In Mohandas, Rajmohan Gandhi, mentions Arundhati Roy saying that Gandhi introduced religion into politics and in the hands of lesser individuals that followed, its misuse was inevitable. The first half of the story is not true. Religion was already a part of the Indian political scene before Gandhi returned to India in 1915. In the late 19th century, Syed Ahmad Khan had charged Congress with benefiting Hindus and harming Muslims. In Bombay, Muslims felt frightened when Tilak mobilized Hindus around religious festivals. Bengal was partitioned into Hindu-majority and Muslim-majority parts in 1905. The Muslim league was founded in 1906 to look after the interests of Muslims and wanted a separate electorate. Rajmohan Gandhi writes:
Between a politics that pretended that religion was absent from India and a politics that squarely faced religion's hold, Gandhi chose the latter, and tried to remind all concerned that true Hinduism taught goodwill and that true Islam, Sikhism and Christianity did the same. One survey suggests that he made the right choice, and also that without him, intolerance would have been even stronger in both Hindu India and Muslim India.Gandhi’s prayer meetings were a unique experiment in bringing people together. They did not require a building, they did not bring in priests and were not restricted to people of a particular faith. They combined devotional practice and song with discussions of group and national issues. During the Calcutta riots at the time of Partition, if there was an objection to reading some verses from the Koran, Gandhi would drop it from the schedule. In his talk later, he would discuss that very objection and at the end of his talk, the protester would often withdraw his objection.
Even critics of Gandhi's method of mixing religion with politics said that his prayer meetings had a calming effect. After he brought the Partition-related riots in Calcutta under control, an awed Mountbatten wrote that Gandhi did alone in Calcutta what 50,000 troops couldn't do in Punjab. Gandhi uses the word 'religion' several times in different contexts in his seminal text Hind Swaraj. For eg., he says, 'It is contrary to our manhood if we obey laws repugnant to our conscience. Such teaching is opposed to religion and means slavery.' This gives the impression that he was a reactionary figure who was mired in the past.
This is due to a misunderstanding which Anthony Parel clears in Gandhi: Hind Swaraj and Other Writings. In the original Gujarati text of Hind Swaraj, Gandhi uses the term ‘dharma’ which is usually translated into ‘religion’ in English. But ‘dharma’ has a much wider meaning than ‘religion’. Gandhi uses the word ‘dharma’ in two different senses throughout the text: ‘dharma’ as ethics and ‘dharma’ as sect. Most occurrences of the word ’religion’ in the English translation of Hind Swaraj should be read as ‘ethics’.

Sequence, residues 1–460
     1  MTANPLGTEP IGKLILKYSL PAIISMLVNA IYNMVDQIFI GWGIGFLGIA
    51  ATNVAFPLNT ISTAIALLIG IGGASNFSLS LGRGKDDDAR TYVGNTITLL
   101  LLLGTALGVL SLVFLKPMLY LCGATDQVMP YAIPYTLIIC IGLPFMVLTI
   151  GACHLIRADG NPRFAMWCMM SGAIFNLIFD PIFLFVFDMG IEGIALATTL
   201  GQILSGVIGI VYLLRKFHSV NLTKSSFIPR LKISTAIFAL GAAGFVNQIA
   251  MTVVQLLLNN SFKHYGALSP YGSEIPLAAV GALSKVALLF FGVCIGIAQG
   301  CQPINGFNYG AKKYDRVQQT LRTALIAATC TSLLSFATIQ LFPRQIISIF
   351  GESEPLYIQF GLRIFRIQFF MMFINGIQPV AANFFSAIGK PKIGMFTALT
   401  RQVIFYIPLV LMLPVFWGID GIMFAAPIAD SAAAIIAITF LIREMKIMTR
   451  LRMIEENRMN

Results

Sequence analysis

In Freedom in Exile, the Dalai Lama endorses Gandhi's view of religion when he says that 'any deed done with good motivation is a religious act'. He therefore sees no contradiction between politics and religion and says that religious people are morally obliged to help solve the problems of the world. He says that politicians need religion more than hermits. 'If a hermit acts out of bad motivation, he harms no one but himself. But if someone who can directly influence the whole of society acts with bad motivation then a great many people will be adversely affected.'
In his essay An Anti-secularist manifesto, Ashis Nandy writes that in the Western concept, ‘secular’ is used in the sense of being opposite to the word ‘sacred’. In the Indian concept, it is not opposite to ‘sacred’ but to ‘ethnocentrism’, ‘xenophobia’ and ‘fanaticism’. This Indian concept is what the leaders of the freedom movement adopted knowing the Western concept of secularism will not make any sense to an overwhelmingly religious population.
The separation of religion and politics has not kept religion out of politics. It has only resulted in the more unacceptable and anti-democratic forms of religion to gain more power and visibility. When we abandon symbols of religious tolerance, others appropriate them, which is what has now happened with Gandhi's legacy . Ashis Nandy says in "The Return of the Sacred: The Language of Religion and The Fear of Democracy in a Post-Secular World" :
For more than three millennia, human beings have invested some of their best cognitive and affective resources in the spiritual and the religious. That investment, in retrospect, might not have been uniformly wise and uniformly creative. But it has not been uniformly forgettable either. The investment in secular statecraft and secular public life, on the other hand, has been relatively recent and, though it has also often been immensely creative, it has been spectacularly destructive, too.
In any case, the second set of investments can never compare with the three millennia of human achievement in the sphere of religion. Civilization, as we know it, is largely the achievement of the religious way of life, though we try hard to forget that part of the story. I say this as a non-believer who has invested some years of life in the study of the psychological and cultural sources of human creativity.
Can we ignore or bypass these achievements for the sake of a theory of progress that seeks to wipe clean the pre-Enlightenment world or freeze it as a museum piece?